The impact of climate change from carbon emissions is no longer theoretical. The yearslong drought in Honduras and Guatemala was interrupted recently by two Category 4 storms in a month when hurricanes used to be rare and in a year that broke records for storms. Families who have farmed land for centuries can no longer cope as they are battered between extremes. Of the major industrialized economies, the United States is a top per capita carbon emitter. Hands down, we beat China, India and nearly everyone else.
Regarding fair trade, we need to wean ourselves from the expectation that our goods must be available at prices that keep in poverty other people who grow our food, weave our clothes and make our electronics and appliances. That low number on the price tag is possible only through someone else's misery.
Yes, there are other reasons that people flee their homelands, but that doesn't mean we can excuse ourselves from the big problems that we create. And yes, it will be hard to figure out how to accommodate the incoming stream, but that gives us no right to turn away fellow human beings who have been forced into a desperate existence for the sake of our own comfort and profit. Helping those we have harmed is a moral responsibility.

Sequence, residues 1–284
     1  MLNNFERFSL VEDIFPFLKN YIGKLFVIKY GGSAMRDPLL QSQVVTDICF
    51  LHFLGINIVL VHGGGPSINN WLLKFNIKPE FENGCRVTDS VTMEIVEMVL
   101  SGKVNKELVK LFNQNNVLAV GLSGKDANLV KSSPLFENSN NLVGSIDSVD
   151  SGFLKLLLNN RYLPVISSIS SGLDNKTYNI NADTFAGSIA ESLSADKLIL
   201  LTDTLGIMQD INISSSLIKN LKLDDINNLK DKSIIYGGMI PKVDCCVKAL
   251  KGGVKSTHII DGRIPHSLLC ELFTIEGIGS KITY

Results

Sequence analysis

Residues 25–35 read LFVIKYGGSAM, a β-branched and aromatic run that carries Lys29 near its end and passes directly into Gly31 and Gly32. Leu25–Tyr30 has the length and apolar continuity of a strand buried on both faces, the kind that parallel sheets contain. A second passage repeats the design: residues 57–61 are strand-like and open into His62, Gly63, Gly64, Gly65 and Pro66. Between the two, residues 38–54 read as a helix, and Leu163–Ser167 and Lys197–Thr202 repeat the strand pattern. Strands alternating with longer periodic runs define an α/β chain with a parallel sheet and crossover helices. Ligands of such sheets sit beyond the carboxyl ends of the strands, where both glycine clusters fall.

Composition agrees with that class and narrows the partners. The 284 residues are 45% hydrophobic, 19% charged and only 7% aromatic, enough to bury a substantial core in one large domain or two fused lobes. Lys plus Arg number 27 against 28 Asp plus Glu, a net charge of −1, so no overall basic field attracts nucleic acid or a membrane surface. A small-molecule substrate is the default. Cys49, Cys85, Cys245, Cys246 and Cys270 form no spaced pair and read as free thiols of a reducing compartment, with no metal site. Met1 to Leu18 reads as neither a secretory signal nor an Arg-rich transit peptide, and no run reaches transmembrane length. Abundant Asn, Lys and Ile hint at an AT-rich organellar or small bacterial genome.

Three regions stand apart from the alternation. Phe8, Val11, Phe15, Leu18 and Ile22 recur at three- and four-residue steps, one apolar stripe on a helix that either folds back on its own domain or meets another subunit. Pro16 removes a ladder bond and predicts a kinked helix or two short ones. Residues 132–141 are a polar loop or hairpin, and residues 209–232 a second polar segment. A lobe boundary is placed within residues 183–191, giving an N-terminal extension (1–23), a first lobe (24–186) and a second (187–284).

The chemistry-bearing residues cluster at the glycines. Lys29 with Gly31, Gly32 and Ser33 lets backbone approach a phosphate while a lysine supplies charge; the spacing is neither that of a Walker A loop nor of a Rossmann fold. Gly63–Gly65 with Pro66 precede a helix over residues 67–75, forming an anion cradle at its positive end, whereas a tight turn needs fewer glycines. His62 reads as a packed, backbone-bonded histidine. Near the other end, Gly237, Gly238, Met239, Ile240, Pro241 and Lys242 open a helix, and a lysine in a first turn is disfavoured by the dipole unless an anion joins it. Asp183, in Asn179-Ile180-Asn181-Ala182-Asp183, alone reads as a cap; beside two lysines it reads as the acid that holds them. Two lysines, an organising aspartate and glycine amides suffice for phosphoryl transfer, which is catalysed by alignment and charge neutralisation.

Jeff Naylor, Minneapolis
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The recent editorial "Immigrants boost state's economy" (March 25) listed accommodations being made by Andersen Windows (which makes some mighty fine windows) in order to attract more immigrants as workers. In addition to higher wages and health benefits, Andersen is offering English language classes, foot-washing stations and prayer rooms "designed to appeal to Muslims." While I happen to think that this is a positive development, I know that others may object.